If you’ve just got started on your new get fit regime, one thing is certain — you’ll feel aches and pains in muscles you didn’t know you had!
“No pain, no gain,” is what the guys at the gym had casually mentioned when I first started out on my exercises. This coming from seasoned workout enthusiasts sounded like some unwritten law they were well versed with. So I took their words literally, and kept pushing myself.
I will never forget that day, when after an all too strenuous workout routine my instructor asked me to follow, I began to feel stiff around my lower back, then the pain set in. Spreading around my hips and moved further down to my legs and ankles. It was a dull throbbing pain that just wouldn’t go away.
All sorts of thoughts began to churn inside my aching head. I never realized that my desire to lose all that excess fat around my belly was pushing my body to its limits. And it reacted in a way I hadn’t expected it to. Before things got worse and made it impossible to move, I had to find a doc if not a physio.
A physiotherapist it was, who calmly examined me and in a matter of fact tone of voice, said that I was a victim of ‘Delayed-Onset Muscle Soreness’ (DOMS). Seeing the blank look on my face, he went on to add, “this kind of discomfort usually starts a day or two after a new workout, or a workout that you’re not typically accustomed to. But don’t worry, we will have it under control.”
I felt immediate relief, and I knew I was in good hands.
Later on, I found out more about DOMS. In a way, DOMS is a good thing. It means my muscles were challenged at a structural level, and if I continued to gradually build the exercise, instead of rushing into it like I did, the muscle strength and structure would have got used to it.
The difference between DOMS and a pulled muscle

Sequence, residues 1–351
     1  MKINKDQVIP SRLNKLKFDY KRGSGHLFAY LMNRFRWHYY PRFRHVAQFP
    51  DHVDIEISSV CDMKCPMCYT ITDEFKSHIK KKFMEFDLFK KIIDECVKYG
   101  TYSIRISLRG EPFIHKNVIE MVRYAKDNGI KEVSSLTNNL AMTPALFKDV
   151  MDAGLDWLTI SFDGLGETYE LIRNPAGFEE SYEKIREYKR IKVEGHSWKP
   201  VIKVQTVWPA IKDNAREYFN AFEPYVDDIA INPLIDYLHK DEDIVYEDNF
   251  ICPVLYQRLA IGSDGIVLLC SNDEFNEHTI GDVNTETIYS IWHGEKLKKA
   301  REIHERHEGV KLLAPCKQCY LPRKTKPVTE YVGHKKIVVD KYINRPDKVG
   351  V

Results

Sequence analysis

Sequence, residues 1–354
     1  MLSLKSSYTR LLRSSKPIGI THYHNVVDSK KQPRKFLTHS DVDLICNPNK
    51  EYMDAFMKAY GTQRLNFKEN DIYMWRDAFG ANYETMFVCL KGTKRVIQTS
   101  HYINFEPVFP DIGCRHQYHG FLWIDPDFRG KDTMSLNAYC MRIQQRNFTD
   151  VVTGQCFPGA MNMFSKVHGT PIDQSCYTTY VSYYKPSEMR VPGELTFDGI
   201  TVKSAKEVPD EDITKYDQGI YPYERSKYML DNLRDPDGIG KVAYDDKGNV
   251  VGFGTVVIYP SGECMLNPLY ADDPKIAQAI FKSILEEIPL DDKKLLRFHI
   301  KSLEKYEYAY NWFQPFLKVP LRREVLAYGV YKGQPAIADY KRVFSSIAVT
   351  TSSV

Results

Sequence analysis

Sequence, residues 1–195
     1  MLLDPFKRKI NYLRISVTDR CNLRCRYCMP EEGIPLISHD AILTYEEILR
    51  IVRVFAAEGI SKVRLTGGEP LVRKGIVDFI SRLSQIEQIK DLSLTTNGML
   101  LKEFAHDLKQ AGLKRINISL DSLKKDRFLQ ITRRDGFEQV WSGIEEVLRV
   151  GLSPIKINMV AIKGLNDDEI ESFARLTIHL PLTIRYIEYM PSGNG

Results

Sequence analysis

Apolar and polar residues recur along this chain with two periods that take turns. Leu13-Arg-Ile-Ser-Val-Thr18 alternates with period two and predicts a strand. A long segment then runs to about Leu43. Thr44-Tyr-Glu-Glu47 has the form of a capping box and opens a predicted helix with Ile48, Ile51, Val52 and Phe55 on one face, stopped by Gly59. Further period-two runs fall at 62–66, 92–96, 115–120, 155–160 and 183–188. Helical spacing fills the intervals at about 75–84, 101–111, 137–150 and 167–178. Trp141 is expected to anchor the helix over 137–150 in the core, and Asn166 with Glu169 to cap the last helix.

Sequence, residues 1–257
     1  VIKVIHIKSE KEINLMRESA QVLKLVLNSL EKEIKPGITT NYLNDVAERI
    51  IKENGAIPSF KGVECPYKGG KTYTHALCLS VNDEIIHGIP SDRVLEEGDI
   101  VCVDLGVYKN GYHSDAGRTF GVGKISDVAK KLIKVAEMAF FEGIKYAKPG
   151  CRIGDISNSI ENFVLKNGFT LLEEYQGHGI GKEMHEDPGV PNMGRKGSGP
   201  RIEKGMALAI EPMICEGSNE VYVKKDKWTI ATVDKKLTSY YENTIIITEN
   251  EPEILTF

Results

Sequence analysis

DOMS normally gets better by itself. It also is usually the whole muscle that hurts, and on both sides of the body, whereas a muscle strain is usually more localized, and is felt only on one side.
What I learnt after this event was to always bear one thing in mind, no four things: give yourself enough recovery time between sessions, get a good restful sleep at night, ensure adequate hydration and do not skip meals. This in itself will get you back on track.
How to minimize DOMS?
If you want to minimize your DOMS, choose a mix of exercises that work on different muscle groups, and ensure you build your exercise routine, gradually. Don’t be in a hurry to get rid of the fat. Don’t rush.
According to most people, a good massage, stretching, ice baths and low intensity cross-training might be of help. But what I now know for sure is a little stretching of muscles is all you really need.
Should you avoid training when you have DOMS?
Not necessarily. It will be OK to continue training. It usually gets better after a day or two. All you have to do is listen to what your body tells you. If it’s feeling vulnerable don’t push things.
We do know that the sooner you get moving after an encounter with DOMS, the better your chances of full recovery and the less likely that it will happen again. So, when it comes to your prescribed exercises causing pain, applying a little bit of common sense will go a long way.
Keep these questions in mind
Ask yourself, how bad is the pain? On a scale of 1 through 10, are we talking about a 9/10 pain? Or is it a can’t do anything else the rest of the day sort of pain? If your answer is a ‘yes’ to both, then maybe you need to sit down with your instructor and talk about modifying what you are doing.
However, if the pain gets worse and worse the more you exercise, pause. This is not normal, and sounds more like an active inflammatory process in progress. It definitely warrants a heart to heart chat with a physio at HealthCare atHOME (HCAH).
Physiotherapists at HCAH are always on call. Trained to deliver the kind of personal attention and overall care that will help you get better faster. Rest assured, you will always receive top-notch advice and treatment.